Skip to main content

Les Journaux Africains: One Love Bar, Kigali, Rwanda - 20.01 03/04/2010

Another thought provoking day, as every moment in Rwanda seems to end up being. To avoid clichés about devastation, horror and disbelief is impossible. To use the word 'another' in front of 'thought provoking' seems unfair and seems to debase the point - this isn't my intention at all.
The coaster at Nymata.

We have visited two different Genocide memorial sites today. Both of these are a long stretch from the sanitised environment if the main Genocide museum, in all its government- and internationally-sponsored glory overlooking the the dust and murk of L'Avenue de la Gendarmerie. These were time capsules.

The first site that we came to was Ntarama Church, about an hour outside of Kigali. The building, upon first glance, looks intact, but it is upon closer observation that one sees the hallmarks of war; a grenade hole in the wall, missing windows, bloodstained shirts and, finally, a glimpse of row upon row of human remains.

Inside, there is a strange smell, sweeter than the musky smell of an English church. This smell, you soon realise, is the smell of death. Death on clothes, on bones, on the floor. Death in the very molecules of clay that constitute this building that has long since ceased to be holy. The students are startled. One runs from the main building, covering his eyes, shouting. There is silence.

One of my students meets some locals.
A few rumbles of thunder roll in from the distance and the wind picks up. Some raggedly dressed kids come begging The heavens open in a great act of pathetic fallacy. Its time to leave. The rain continues all the way Nymata.

In Nymata, leafs are still heavy from the rain but life is starting to return to the muddy streets as Chris, a friend of Peter's, introduces us to Charles Mugabe - suddenly the Genocide's victims have a face and voice.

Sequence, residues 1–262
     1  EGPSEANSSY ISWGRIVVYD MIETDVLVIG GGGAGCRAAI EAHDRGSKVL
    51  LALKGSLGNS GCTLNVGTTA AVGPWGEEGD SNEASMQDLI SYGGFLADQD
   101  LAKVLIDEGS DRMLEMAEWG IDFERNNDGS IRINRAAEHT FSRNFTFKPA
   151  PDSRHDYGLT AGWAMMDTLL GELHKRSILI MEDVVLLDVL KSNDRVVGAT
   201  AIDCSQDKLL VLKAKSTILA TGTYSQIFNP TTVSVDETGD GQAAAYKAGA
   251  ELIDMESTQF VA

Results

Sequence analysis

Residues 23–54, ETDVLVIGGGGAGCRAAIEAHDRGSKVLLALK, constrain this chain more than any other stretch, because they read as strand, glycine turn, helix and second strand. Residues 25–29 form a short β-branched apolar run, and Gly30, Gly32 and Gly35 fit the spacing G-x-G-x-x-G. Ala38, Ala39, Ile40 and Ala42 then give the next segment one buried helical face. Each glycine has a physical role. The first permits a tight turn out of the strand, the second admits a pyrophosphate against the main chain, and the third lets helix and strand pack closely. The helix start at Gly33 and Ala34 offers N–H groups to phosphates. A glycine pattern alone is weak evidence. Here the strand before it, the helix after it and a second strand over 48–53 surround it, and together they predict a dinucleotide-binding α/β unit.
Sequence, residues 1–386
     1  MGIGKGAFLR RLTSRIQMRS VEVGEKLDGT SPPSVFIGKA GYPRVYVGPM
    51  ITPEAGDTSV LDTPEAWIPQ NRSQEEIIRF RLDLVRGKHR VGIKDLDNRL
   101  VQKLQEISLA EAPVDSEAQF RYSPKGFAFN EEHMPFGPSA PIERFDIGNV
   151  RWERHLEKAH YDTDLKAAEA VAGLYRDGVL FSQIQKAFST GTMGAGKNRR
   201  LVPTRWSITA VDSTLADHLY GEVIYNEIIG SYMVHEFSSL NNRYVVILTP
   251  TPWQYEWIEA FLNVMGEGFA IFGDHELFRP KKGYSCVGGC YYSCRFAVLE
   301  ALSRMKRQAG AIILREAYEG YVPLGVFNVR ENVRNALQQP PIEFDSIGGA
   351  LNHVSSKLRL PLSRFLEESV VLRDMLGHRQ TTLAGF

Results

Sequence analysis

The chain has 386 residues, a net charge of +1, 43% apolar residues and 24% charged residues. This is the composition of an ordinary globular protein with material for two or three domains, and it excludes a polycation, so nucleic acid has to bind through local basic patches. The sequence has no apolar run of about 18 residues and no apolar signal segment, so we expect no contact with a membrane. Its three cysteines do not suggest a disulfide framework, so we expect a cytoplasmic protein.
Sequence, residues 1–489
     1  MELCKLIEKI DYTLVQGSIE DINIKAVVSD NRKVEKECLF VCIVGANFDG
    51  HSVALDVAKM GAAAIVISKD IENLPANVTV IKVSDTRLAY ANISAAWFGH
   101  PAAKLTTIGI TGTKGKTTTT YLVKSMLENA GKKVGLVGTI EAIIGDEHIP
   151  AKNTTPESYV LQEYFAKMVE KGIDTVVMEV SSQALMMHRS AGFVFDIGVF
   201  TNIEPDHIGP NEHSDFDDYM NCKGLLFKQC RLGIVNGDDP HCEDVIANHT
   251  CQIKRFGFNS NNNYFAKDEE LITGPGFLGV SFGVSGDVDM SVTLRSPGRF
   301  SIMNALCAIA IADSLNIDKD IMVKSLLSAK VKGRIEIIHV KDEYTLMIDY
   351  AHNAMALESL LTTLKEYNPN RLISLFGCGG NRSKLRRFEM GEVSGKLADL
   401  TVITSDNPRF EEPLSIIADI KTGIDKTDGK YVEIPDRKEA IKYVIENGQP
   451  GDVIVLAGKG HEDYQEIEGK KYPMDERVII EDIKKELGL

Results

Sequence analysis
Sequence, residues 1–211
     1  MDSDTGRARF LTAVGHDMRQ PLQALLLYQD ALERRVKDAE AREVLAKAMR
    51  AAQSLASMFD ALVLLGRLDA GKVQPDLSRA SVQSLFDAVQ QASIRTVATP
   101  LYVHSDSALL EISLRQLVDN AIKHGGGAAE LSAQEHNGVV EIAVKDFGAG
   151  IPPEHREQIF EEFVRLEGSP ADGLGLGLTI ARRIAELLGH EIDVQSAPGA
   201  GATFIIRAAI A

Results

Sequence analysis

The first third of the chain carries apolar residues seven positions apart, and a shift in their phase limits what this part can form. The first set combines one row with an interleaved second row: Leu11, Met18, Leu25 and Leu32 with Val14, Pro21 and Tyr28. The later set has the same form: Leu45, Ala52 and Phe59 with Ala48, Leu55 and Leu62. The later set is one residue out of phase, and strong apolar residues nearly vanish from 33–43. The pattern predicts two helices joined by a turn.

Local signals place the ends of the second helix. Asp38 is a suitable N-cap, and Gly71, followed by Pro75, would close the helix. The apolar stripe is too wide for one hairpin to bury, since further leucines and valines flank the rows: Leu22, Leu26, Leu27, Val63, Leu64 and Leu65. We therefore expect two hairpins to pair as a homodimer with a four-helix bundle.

With Chris' soft tones translating Charles' even softer Kinyarwandan words, we are taken around the church building. Every scratch, shrapnel scar, row of stained clothes, broken door, cut on a leg, has a strong and shocking story.

Home of a sister murdered by Interahamwe.
Charles recounts how, as the Interahamwe Genocidaires systematically toyed with and killed all of those taking refuge in this House of God, he eventually had to hide, covered in the blood of his family members and the limbs of dead strangers, playing 'dead', in order to survive. He eventually escaped, but not before 2,000 other Tutsis and moderate Hutus had died immediately around him. How did that little boy recover from that? The tours must only be a mild form of catharsis as an adult. He eventually found a grandparent to care for him.

In the darkness and back in Kigali having procured an MTN sim card, I'll call home. The night is destined to take us to the One Love Bar - a Marley-esque evening of dancing and music with a slightly tipsy guide will help to take the edge off the afternoon for all of us.

Comments

Popular posts from this blog

From a Crooked Rib by Nuruddin Farah